Good questions

In our morning services at Trinity CRC, we’re asking the questions Jesus asked: Do you want to get well? How many loaves do you have? What is your name? Who was the neighbor?

Iowa author Jennifer Dukes Lee sent an email to her friends this week that includes a quote from Lore Ferguson Wilbert, author of A Curious Faith. I love how she sees questions as expressions of hope and curiosity as a spiritual discipline. It connects perfectly with our sermon series!


“So the Lord God called out to the man
and said to him, ‘Where are you?’”
Genesis 3:9 (CSB)

Asking a question is an act of faith: faith that we could be answered, or that we won’t be refused, or that we will like the answer, or, if we don’t, that it will lead to a better question.

To ask a question is to hope that what we currently know isn’t the whole story. If we don’t make space for curiosity in the Christian life, we will become content with a one-dimensional god, a god made more in our own image than the God who made us in his image.

Curiosity is a discipline of the spiritual sort, and it begins by asking some simple questions, questions like “Where are you?” “Who are you?” “Are you there?” and more.

A Curious Faith by Lore Ferguson Wilbert

I believe there’s a reason so many questions are lobbed around Scripture, from God to his people, from his people to God, from people to people, and in the New Testament from Jesus to people, people to Jesus, and Jesus to his Father.

The Bible is a permission slip for those with questions.

All these questions aren’t just pointing to answers. They’re also saying, it’s okay to ask questions. Asking questions is a part of the Christian life.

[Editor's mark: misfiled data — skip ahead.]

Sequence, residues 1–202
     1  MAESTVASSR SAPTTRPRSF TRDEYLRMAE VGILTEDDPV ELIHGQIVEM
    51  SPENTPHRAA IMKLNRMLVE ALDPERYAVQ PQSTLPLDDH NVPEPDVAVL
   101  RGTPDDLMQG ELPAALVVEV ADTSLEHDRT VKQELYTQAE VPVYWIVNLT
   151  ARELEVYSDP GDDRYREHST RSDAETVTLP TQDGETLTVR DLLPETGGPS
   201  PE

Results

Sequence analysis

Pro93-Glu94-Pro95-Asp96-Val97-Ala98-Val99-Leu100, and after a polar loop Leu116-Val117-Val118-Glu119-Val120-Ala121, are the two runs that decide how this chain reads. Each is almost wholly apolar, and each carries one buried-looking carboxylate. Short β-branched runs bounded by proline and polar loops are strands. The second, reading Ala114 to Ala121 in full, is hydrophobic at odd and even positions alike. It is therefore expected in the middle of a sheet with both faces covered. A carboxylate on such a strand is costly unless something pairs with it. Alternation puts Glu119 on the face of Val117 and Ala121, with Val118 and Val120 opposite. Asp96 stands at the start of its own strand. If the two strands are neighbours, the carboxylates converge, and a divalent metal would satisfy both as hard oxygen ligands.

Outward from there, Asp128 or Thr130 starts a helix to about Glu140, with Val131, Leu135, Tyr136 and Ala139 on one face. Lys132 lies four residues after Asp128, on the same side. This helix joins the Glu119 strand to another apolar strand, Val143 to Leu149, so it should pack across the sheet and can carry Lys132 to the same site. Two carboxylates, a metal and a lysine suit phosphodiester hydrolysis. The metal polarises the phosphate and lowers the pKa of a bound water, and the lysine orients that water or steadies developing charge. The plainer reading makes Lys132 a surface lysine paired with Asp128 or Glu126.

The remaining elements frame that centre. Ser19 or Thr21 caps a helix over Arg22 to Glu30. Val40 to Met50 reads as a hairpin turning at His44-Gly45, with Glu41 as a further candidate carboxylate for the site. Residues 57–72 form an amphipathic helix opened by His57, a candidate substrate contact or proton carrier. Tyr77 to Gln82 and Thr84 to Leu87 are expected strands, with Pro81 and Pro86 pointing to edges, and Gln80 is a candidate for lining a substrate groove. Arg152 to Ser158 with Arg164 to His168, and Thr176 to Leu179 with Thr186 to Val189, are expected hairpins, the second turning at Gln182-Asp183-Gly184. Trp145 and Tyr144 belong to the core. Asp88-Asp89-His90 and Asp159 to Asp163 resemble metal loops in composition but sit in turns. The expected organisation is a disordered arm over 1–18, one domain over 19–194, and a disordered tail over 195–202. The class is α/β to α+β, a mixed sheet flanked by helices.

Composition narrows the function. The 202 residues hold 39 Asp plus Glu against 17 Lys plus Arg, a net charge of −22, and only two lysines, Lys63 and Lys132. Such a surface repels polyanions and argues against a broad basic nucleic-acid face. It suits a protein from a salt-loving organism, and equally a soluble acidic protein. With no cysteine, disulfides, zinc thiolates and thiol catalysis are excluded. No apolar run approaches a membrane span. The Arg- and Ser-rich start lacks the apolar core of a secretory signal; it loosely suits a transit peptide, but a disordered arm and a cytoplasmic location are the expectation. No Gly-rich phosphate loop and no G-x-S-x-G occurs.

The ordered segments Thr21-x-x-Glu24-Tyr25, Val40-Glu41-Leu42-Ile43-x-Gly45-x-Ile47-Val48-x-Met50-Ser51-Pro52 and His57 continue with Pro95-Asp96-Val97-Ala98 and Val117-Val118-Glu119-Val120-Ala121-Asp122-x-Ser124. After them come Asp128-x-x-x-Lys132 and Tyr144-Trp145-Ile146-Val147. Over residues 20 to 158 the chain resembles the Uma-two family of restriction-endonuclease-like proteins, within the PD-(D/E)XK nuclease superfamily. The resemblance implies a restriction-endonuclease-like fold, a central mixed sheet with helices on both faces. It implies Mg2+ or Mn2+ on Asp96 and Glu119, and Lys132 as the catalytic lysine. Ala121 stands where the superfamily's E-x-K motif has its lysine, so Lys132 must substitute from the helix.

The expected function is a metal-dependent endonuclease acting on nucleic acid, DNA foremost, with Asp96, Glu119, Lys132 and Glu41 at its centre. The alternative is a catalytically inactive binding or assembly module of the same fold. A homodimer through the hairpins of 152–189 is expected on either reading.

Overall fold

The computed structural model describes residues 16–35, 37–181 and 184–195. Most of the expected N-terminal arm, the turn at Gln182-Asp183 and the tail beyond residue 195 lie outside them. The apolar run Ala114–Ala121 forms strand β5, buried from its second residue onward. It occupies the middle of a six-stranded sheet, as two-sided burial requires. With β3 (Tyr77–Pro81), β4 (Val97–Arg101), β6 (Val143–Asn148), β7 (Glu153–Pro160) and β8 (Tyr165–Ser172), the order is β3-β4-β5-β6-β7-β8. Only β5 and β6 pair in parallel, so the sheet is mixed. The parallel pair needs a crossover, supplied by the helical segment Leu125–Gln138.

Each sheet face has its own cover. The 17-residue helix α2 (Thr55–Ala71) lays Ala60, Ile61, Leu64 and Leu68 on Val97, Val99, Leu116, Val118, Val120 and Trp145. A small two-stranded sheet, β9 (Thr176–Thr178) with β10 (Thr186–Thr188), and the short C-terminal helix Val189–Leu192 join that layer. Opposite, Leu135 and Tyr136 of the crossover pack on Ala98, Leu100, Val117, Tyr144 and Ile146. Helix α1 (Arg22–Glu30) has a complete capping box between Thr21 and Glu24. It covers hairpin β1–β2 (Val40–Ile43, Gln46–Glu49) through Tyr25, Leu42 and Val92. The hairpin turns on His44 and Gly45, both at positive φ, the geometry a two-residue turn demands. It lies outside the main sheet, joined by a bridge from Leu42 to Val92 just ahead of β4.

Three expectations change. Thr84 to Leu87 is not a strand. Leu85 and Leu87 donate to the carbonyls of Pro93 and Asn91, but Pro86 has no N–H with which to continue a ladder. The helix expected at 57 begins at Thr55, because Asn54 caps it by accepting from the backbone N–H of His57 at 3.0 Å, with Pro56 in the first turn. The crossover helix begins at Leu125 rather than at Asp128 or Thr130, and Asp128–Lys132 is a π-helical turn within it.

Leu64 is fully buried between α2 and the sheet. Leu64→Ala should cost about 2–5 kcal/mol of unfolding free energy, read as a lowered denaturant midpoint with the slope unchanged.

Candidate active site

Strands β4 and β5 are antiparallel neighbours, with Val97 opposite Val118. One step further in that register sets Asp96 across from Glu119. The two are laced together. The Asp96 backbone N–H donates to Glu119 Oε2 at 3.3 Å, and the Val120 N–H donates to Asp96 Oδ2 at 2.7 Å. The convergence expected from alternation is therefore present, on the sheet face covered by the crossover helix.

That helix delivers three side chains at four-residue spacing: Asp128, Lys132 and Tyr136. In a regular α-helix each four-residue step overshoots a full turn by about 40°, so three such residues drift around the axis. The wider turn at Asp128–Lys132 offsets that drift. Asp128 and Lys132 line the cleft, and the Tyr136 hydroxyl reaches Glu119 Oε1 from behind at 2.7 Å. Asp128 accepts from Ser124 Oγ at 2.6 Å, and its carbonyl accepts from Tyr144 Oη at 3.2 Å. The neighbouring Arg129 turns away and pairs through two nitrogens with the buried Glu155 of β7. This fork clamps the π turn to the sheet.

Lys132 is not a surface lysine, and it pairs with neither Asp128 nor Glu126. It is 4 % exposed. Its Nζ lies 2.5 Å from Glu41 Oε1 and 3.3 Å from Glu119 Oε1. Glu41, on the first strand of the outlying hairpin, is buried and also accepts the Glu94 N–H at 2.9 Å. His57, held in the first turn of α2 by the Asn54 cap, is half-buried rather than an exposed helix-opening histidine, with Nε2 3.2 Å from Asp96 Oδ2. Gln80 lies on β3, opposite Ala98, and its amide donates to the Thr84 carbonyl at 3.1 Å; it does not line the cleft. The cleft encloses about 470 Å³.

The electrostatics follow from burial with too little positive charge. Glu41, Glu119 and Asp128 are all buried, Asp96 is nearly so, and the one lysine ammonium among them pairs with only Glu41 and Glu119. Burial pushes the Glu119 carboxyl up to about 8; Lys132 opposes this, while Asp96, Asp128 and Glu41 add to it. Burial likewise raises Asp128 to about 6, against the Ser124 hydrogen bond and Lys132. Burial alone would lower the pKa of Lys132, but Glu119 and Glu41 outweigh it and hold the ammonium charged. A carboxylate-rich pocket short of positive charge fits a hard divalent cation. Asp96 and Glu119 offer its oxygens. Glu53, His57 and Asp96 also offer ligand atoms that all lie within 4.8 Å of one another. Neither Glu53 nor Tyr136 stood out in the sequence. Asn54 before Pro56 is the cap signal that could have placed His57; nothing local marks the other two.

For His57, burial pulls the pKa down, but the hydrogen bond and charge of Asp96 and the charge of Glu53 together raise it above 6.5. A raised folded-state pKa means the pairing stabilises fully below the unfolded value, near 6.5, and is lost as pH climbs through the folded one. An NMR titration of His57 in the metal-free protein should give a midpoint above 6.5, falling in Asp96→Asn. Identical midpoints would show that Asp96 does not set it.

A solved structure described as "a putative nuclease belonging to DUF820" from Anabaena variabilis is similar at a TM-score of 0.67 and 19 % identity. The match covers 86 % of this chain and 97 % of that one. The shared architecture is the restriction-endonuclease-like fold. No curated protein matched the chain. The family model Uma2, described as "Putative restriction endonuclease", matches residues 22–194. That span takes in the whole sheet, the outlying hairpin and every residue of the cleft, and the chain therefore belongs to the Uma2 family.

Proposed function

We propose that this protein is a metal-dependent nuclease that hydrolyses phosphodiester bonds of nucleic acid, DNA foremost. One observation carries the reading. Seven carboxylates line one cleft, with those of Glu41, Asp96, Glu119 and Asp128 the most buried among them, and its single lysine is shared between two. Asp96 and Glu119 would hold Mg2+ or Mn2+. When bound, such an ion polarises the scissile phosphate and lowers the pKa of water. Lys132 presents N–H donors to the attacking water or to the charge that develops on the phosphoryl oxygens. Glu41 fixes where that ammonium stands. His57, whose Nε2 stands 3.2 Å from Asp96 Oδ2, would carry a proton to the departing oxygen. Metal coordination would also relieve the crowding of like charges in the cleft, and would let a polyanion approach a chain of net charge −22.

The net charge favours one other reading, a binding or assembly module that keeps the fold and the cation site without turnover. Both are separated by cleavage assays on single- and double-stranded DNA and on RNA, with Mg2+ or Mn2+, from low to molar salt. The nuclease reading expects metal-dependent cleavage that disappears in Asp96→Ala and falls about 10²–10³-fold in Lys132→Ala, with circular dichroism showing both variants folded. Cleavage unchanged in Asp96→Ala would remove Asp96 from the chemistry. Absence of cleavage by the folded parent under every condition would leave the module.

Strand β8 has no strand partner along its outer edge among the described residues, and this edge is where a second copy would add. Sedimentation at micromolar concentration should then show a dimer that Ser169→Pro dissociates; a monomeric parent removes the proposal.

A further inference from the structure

The difference between fishing and catching

At Dordt College’s Day of Encouragement at the beginning of the month, local blogger and author Jennifer Dukes Lee spoke about her favorite childhood vacation memories with her parents which regularly included going fishing with her dad. Her dad always said there’s a difference between “fishing” and “catching.” Sure, actually Father and daughter fishing picture found via Googlecatching some fish is nice, but Jennifer’s dad insisted that he loved just spending time fishing with his daughter. He wanted to spend time with her regardless of how many fish she caught.

That time spent fishing with her loving dad taught Jennifer a good deal about her heavenly Father: God loves for us to spend time with Him and He loves us before we have anything to prove to Him. As Philip Yancey says, “There is nothing we can do to make God love us more… and nothing we can do to make God love us less.”

Jennifer shared how she began to understand that the good life is not so much about productivity as it is about presence – presence with others, in the presence of God Himself. When it came to her dad, the catching was not nearly as significant as the time just spent fishing. When it comes to our heavenly Father, we don’t need to work hard to get His approval – Jesus takes care of that.

So life isn’t so much about counting fish, counting calories, accolades, or the money in my bank account. Life is counting on God and His grace.